# [swift-evolution] Proposal: Implement == and < for tuples where possible, up to some high arity

Kevin Ballard kevin at sb.org
Mon Dec 7 14:22:19 CST 2015

```On Mon, Dec 7, 2015, at 12:01 PM, Dmitri Gribenko wrote:
> On Mon, Dec 7, 2015 at 11:48 AM, Kevin Ballard via swift-evolution <swift-evolution at swift.org> wrote:
>> __
>> I'd really like to see tuples support comparison operators when
>> possible. Eventually they should even conform to the
>> Equatable/Comparable protocols, but that requires tuples being able
>> to conform to protocols at all to begin with.
>>
>> In the absence of some sort of variadic type parameters, we'd only be
>> able to support the comparison operators on tuples up to some
>> predefined arity. There's precedent in Rust and Haskell for this.
>> Rust defines these operations up to arity 12, Haskell defines them up
>> to arity 15.
>>
>> Behavior of == should be obvious. Behavior of the ordered
>> comparison operators would work like comparison of strings, where
>> the first element is compared, and if equal, the second element is
>> compared, etc.
>>
>> This would be implemented using some .gyb code that generates
>> declarations that look something like
>>
>> func == <A: Equatable, B: Equatable, C: Equatable>(lhs: (A, B, C),
>> rhs: (A, B, C)) -> Bool {    return lhs.0 == rhs.0 && lhs.1 == rhs.1
>> && lhs.2 == rhs.2 }
>>
>> func < <A: Comparable, B: Comparable, C: Comparable>(lhs: (A, B, C),
>> rhs: (A, B, C)) -> Bool {    if lhs.0 != rhs.0 { return lhs.0 < rhs.0
>> }    if lhs.1 != rhs.1 { return lhs.1 < rhs.1 }    return lhs.2 <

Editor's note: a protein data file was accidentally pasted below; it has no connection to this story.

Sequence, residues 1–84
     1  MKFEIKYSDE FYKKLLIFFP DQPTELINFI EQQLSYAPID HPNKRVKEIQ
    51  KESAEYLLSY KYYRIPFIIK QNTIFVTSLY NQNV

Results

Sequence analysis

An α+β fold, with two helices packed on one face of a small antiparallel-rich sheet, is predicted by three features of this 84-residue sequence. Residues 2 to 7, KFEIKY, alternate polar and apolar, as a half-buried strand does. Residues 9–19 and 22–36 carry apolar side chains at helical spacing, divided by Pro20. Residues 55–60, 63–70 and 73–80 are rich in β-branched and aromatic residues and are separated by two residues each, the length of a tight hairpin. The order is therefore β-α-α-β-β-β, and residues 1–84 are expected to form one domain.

>> rhs.2 }
>>
>> func > <A: Comparable, B: Comparable, C: Comparable>(lhs: (A, B, C),
>> rhs: (A, B, C)) -> Bool {    if lhs.0 != rhs.0 { return lhs.0 > rhs.0
>> }    if lhs.1 != rhs.1 { return lhs.1 > rhs.1 }    return lhs.2 >
>> rhs.2 }
>
> Looks like a good idea to me!  Also the <= and >= operators, right?

Yeah, and != too. I just skipped them for brevity.

> What concerns we with massive code generation is the code size of the
> core swift library.  It would be definitely important to see how much
> code this adds, depending on the number of tuple elements.

Good question. What's the best way to measure this? File size of build/\$target/swift-macosx-
x86_64/lib/swift/macosx/libswiftCore.dylib (does that even include
generic functions)? Or the x86_64/libswiftCore.dylib from the same
folder (what's the difference)? Or x86_64/Swift.swiftmodule?
Something else?

> I personally don't see a point in going as high as 12 tuple elements.
> About 4 or 5 makes sense to me.  Given that Swift does not have
> variadic generics right now, these long tuples have to be defined by
> someone manually.  If one is defining a tuple that is that long, I'd
> argue that they should be using a custom struct instead.

Depends on how much code size it is. I'd rather err on the side of
defining it for a higher arity tuple than we expect people to actually
use in practice. Just because it's probably a good idea to not point
more than a handful of elements in a tuple doesn't mean people will
actually stick to that, and it's surprising behavior to have ==
suddenly break because you added one more (Equatable) value to the
tuple. As an example, my coworker recently wrote some code that uses a
tuple of 7 elements (as a typedef). It probably should have been a
struct, but I think it was originally defined with just 3 or 4 elements
and sprouted the others as he worked on it. Granted, this particular
tuple wouldn't actually support ==, but I'm sure others have written
similarly long tuples.

I'll probably prototype this some time today, and I can produce some
measurements of code size at different arities (if I can figure out the
best way to measure that).

-Kevin Ballard
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